Is the public sector being held back by a lack of data strategy?

data transformation in public sector

The public cloud has undoubtedly acted as a catalyst for organisations embarking on digital transformation. Yet despite clear targets, ambitions, opportunities, expectations, and trends, it has yet to universally revolutionise the operations of the public sector.

The appetite for transformation is evident, but without robust governance and strategy around data, its full potential to enhance service outcomes cannot be realised. The question remains: why isn't this happening?

One answer lies in the complexities of the UK’s public sector, where multi-generational and multi-platform systems have led to business-critical data being siloed in the applications that created it. On-premises storage has become the default due to convenience rather than intentional data design.

Public sector bodies often designed their processes around manual, paper-based data collection. Simply transitioning to online forms without considering broader opportunities for modernisation, simplification, and transformation can be insufficient.

Conversely, a cloud-first strategy centralises data lakes in the public cloud, even as data grows exponentially at the edge. Gartner predicts that 75% of enterprise data will be created outside traditional data centres and public clouds by 2025, highlighting the need for a distributed approach.

Recognising these challenges, we investigated the public sector's relationship with data, resulting in the documentary series, House of Data. Through interviews and a sector-wide survey, we identified a need for data modernisation and transformation.

Data is often viewed as an IT function focused on storage rather than a strategic asset for creating value.

Our House of Data Public Sector Strategy Research Report 2023 highlighted issues such as skills shortages, budget constraints, and concerns about sensitive data storage. A startling statistic from our research revealed that 45% of public sector organisations do not have a data strategy.

Budget constraints are a significant obstacle. Sixty-seven percent of respondents indicated insufficient budget for data-centric priorities, and 33% had no specific budget for data initiatives. This suggests a challenge in meeting operational service provision goals related to data security, retention, and availability.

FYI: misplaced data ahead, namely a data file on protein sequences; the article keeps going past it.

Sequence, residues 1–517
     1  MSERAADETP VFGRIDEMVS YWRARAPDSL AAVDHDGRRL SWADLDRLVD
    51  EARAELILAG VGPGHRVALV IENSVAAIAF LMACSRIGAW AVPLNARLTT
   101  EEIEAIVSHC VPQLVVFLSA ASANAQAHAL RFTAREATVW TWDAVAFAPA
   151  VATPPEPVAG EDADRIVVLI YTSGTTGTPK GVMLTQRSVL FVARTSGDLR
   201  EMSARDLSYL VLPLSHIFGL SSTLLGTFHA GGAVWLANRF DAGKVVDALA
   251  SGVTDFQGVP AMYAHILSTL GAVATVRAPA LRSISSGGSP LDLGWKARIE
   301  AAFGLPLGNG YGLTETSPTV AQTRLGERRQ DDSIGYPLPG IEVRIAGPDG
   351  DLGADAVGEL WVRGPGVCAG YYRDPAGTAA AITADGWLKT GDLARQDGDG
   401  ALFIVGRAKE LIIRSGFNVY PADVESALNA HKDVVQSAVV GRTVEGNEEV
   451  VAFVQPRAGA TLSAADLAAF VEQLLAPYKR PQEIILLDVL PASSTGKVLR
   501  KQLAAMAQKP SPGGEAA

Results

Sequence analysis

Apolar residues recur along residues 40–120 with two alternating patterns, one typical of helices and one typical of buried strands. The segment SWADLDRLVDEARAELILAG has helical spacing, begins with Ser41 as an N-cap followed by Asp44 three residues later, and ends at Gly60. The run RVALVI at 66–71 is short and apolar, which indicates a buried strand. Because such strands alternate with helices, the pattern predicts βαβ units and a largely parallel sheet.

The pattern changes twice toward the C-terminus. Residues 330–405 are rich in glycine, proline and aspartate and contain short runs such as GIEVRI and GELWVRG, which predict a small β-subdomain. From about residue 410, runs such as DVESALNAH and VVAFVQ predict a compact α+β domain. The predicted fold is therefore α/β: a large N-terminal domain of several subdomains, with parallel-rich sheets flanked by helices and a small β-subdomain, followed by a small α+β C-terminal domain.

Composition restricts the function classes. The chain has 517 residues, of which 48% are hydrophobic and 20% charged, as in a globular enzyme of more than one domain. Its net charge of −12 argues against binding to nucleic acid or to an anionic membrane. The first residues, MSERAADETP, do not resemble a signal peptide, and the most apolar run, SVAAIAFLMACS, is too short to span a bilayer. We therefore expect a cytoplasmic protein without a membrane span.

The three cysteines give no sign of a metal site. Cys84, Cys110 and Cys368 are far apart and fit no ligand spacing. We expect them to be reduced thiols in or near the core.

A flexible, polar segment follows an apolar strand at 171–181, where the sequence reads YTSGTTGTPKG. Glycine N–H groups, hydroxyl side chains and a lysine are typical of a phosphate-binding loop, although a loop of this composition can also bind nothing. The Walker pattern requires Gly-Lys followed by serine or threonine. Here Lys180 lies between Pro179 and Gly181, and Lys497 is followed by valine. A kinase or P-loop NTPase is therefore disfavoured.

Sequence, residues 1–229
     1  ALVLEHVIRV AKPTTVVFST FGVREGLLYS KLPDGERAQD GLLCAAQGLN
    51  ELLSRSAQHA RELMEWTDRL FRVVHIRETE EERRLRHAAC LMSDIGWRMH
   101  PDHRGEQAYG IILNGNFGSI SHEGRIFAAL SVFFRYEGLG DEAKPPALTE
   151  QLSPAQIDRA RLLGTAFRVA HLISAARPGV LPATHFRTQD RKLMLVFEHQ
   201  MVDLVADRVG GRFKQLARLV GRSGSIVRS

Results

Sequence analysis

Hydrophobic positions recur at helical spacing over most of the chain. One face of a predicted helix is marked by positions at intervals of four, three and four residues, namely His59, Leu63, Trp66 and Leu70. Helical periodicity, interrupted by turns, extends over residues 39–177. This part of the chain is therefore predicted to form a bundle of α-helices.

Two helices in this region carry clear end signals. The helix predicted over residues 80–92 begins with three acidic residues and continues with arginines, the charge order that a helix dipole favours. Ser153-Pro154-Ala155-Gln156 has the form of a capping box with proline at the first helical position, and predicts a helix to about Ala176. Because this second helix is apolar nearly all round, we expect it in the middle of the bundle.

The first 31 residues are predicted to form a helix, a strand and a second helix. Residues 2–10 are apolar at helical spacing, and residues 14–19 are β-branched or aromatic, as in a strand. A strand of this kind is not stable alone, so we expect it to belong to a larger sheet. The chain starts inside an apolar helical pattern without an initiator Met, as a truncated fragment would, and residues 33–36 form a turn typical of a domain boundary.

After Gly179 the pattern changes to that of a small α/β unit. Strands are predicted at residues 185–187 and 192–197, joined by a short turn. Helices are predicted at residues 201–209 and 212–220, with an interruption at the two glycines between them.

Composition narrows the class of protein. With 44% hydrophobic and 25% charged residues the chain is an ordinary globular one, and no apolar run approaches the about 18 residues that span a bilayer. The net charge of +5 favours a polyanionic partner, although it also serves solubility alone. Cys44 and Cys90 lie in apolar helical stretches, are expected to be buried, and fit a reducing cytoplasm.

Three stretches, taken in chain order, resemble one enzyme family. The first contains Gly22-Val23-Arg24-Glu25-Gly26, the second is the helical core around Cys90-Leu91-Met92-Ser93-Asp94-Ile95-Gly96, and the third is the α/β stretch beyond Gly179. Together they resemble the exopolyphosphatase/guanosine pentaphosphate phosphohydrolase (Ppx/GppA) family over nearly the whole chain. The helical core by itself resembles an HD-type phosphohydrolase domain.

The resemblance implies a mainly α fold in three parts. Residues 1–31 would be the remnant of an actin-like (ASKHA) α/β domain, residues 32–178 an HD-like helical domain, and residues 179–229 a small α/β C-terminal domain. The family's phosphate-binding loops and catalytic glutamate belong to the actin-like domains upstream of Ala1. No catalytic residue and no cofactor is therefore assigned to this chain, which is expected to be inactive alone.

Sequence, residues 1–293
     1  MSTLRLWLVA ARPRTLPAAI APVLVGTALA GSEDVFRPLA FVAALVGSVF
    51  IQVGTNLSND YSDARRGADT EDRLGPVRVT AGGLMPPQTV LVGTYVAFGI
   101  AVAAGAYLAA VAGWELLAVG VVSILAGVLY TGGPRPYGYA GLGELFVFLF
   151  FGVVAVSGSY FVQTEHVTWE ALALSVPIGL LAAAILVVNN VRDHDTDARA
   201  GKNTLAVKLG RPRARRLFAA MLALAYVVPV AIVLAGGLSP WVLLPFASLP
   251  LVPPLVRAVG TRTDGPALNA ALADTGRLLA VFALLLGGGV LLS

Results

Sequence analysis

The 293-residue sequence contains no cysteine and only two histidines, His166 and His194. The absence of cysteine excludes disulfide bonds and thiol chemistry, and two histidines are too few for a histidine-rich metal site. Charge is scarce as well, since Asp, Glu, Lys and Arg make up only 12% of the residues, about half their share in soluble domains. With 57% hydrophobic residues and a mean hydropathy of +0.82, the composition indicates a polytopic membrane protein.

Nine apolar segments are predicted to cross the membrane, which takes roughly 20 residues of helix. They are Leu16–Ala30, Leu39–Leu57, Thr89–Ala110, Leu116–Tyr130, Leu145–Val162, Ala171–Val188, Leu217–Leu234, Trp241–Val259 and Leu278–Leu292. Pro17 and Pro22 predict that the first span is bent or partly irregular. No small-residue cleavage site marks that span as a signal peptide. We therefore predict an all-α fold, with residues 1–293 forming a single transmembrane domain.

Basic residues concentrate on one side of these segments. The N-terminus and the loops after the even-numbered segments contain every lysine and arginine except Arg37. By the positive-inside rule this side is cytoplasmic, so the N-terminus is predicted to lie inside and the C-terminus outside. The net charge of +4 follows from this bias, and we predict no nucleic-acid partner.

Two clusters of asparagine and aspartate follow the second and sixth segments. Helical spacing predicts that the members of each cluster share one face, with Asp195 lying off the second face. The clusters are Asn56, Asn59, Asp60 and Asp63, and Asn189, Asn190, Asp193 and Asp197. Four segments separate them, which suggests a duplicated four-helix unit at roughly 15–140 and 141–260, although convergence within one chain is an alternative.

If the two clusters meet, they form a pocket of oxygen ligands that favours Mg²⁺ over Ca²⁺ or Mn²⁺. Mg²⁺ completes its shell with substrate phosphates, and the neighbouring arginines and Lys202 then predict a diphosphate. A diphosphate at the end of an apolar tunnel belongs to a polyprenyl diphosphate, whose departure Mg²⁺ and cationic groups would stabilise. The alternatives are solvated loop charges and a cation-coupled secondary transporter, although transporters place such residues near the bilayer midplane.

Data is often viewed as an IT function focused on storage rather than a strategic asset for creating value. This perspective hinders a data-first modernisation view that links effective data use to improved service outcomes.

Skills shortages are another recurring challenge. Fifty-five percent of respondents stated they lacked the necessary skills, and evidence suggests responsibility for data falls to existing IT staff. Some organisations may underestimate the value and importance of their data.

Our research also revealed that 35% of UK public sector organisations do not staff data-specific roles nor plan to. This raises questions about who advises these entities on using data as an engine for innovation, productivity, efficiency, security, and governance, and who controls the growing costs of public cloud.

To address these challenges, organisations should take conscious steps towards data modernisation:

  1. Understand the full lifecycle of data within your organisation, from creation to obsolescence, to define metrics and determine when data has value and when it becomes hoarding.
  2. In an increasingly hybrid, decentralised IT landscape, consider the most appropriate places to store and analyse data for both short-term operational needs and long-term legislative, regulatory, and planning needs.
  3. For rising edge cases, consider the value of real-time analytics by bringing analytics to the data rather than centralising data in a lake.
  4. Consider sustainability when discussing data efficiency. Moving and replicating data has a carbon impact, so think about economic and environmental efficiencies in tandem.

Organisations may be missing the opportunity for data modernisation simply because they don't know where to start. At Hewlett Packard Enterprise, we believe it’s time for public sector organisations to make conscious decisions about their valuable data to deliver greater efficiencies and provide better outcomes. Just collecting data is no longer enough. Viewing data as a fundamental building block for redesigning the organisation to be citizen-centric, outcome-based, and focused on interoperability opens the door to a data-first, data modernisation approach.

Data is invaluable—it connects society from birth to death. The UK public sector needs a data modernisation strategy that embraces the edge-to-cloud reality. To digitally transform and become more citizen-focused and outcome-driven, we need a data strategy that transcends technological siloes and organisational boundaries, unlocking insights, interoperability, and improved citizen outcomes.

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